Resistance Temperature Detectors (RTD sensors) are temperature sensors that contain a resistor that changes resistance value as its temperature changes. Resistance Temperature Detectors, as the name implies, are sensors used to measure temperature by correlating the resistance of the RTD element with temperature. RTD Sensors are also called as Resistance Thermometers, Resistive Thermal Devices. As they are almost invariably made of platinum, they are often called Platinum Resistance Thermometers (PRT). They are slowly replacing the use of thermocouples in many industrial applications below 600 °C, due to higher accuracy and repeatability. RTD sensors have been used for many years to measure temperature in laboratory and industrial processes, and have developed a reputation for accuracy, repeatability, and stability. Wireless RTD sensor transmitters transmit the real-time temperature data to industrial computer system.

RTD Sensors Vs Thermistors & Thermocouples

Why use an RTD Sensor instead of a thermocouple or thermistor sensor? Each type of temperature sensor has a particular set of conditions for which it is best suited. In comparison of RTD Sensor Vs Thermistor & Thermocouple, RTD sensors offer several advantages:

  • A wide temperature range (-50 to 500°C for thin-film and -200 to 850°C for wire-wound)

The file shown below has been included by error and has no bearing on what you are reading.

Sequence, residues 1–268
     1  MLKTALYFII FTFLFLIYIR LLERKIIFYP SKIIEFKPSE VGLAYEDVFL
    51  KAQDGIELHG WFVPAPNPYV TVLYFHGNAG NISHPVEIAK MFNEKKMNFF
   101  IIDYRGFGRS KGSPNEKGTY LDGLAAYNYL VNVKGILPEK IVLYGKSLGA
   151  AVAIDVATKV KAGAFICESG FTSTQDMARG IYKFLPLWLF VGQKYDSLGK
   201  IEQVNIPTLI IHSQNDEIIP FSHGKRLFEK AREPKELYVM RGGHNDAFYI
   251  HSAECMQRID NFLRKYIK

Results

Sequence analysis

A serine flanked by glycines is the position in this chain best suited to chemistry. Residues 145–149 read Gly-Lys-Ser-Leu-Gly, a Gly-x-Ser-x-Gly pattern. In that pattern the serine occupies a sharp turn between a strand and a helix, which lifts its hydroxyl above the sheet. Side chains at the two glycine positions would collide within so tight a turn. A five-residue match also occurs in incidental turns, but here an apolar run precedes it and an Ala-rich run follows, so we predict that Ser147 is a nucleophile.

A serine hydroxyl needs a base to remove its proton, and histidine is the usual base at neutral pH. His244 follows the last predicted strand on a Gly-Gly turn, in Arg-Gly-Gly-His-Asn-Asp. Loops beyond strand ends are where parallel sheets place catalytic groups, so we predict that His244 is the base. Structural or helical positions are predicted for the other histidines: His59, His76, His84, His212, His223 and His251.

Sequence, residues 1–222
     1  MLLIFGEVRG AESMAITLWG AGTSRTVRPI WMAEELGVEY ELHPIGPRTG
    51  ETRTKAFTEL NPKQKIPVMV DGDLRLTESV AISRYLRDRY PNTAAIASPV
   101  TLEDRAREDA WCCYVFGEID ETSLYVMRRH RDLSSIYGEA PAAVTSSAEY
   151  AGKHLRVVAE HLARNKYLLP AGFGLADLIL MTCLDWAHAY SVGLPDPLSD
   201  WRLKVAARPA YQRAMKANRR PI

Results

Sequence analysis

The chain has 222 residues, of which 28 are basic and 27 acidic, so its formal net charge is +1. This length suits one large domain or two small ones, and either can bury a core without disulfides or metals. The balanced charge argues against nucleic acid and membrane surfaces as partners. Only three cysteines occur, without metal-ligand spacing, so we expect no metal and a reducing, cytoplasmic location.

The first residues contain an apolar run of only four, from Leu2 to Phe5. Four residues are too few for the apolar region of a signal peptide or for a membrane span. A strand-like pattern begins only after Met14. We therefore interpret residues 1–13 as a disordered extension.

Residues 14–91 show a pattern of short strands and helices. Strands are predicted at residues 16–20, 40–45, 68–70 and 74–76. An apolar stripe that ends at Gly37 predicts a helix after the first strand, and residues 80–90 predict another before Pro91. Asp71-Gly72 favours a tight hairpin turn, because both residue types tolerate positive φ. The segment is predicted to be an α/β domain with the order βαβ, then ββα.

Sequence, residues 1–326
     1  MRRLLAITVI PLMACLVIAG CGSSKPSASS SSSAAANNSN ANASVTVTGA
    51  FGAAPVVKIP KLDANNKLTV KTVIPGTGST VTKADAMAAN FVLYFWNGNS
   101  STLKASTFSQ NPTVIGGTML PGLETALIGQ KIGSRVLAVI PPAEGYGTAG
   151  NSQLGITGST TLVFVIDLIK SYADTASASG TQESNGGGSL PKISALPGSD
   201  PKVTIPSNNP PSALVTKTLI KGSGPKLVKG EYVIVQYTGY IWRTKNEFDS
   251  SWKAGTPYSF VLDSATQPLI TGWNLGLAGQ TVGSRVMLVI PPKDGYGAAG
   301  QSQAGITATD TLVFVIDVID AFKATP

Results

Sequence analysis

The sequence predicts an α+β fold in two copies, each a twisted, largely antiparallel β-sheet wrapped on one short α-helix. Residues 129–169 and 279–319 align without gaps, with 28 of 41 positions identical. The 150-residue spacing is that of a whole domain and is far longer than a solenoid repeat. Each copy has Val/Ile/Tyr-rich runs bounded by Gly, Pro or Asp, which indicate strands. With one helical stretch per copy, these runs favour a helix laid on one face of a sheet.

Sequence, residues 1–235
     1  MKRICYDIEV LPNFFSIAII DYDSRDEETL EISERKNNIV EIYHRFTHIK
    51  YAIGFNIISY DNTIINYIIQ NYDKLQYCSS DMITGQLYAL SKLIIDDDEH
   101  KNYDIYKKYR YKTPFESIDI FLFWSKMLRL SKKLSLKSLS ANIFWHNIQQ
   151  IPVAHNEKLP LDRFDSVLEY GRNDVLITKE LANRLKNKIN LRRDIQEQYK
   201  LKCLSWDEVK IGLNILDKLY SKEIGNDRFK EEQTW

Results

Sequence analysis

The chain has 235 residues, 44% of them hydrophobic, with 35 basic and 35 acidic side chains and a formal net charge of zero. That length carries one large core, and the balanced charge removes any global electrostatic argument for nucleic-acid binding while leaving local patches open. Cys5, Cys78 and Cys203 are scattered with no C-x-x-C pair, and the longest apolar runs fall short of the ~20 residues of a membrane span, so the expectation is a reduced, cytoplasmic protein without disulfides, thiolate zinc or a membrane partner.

• Good accuracy (better than thermocouples)
  • Good interchangeability
  • Long-term stability
  • With a temperature range up to 850°C, RTDs can be used in all but the highest-temperature industrial processes.
  • RTD sensors are made using metals such as platinum, they are very stable and are not affected by corrosion or oxidation.
  • RTD sensors in industrial applications are rarely used above 660 °C. At temperatures above 660 °C it becomes increasingly difficult to prevent the platinum from becoming contaminated by impurities from the metal sheath of the thermometer. This is why laboratory standard thermometers replace the metal sheath with a glass construction. At very low temperatures, say below -270 °C (or 3 K), due to the fact that there are very few phonons, the resistance of an RTD is mainly determined by impurities and boundary scattering and thus basically independent of temperature. As a result, the sensitivity of the RTD is essentially zero and therefore not useful.
  • Compared to thermistors, platinum RTDs are less sensitive to small temperature changes and have a slower response time. However, thermistors have a smaller temperature range and stability.

Resistance thermometer RTD sensor elements are available in a number of forms. The most common are: unsupported wirewound RTD element, wirewound element in a ceramic insulator, wire encapsulated in glass, Thin-film platinum-film ceramic substrate RTD element.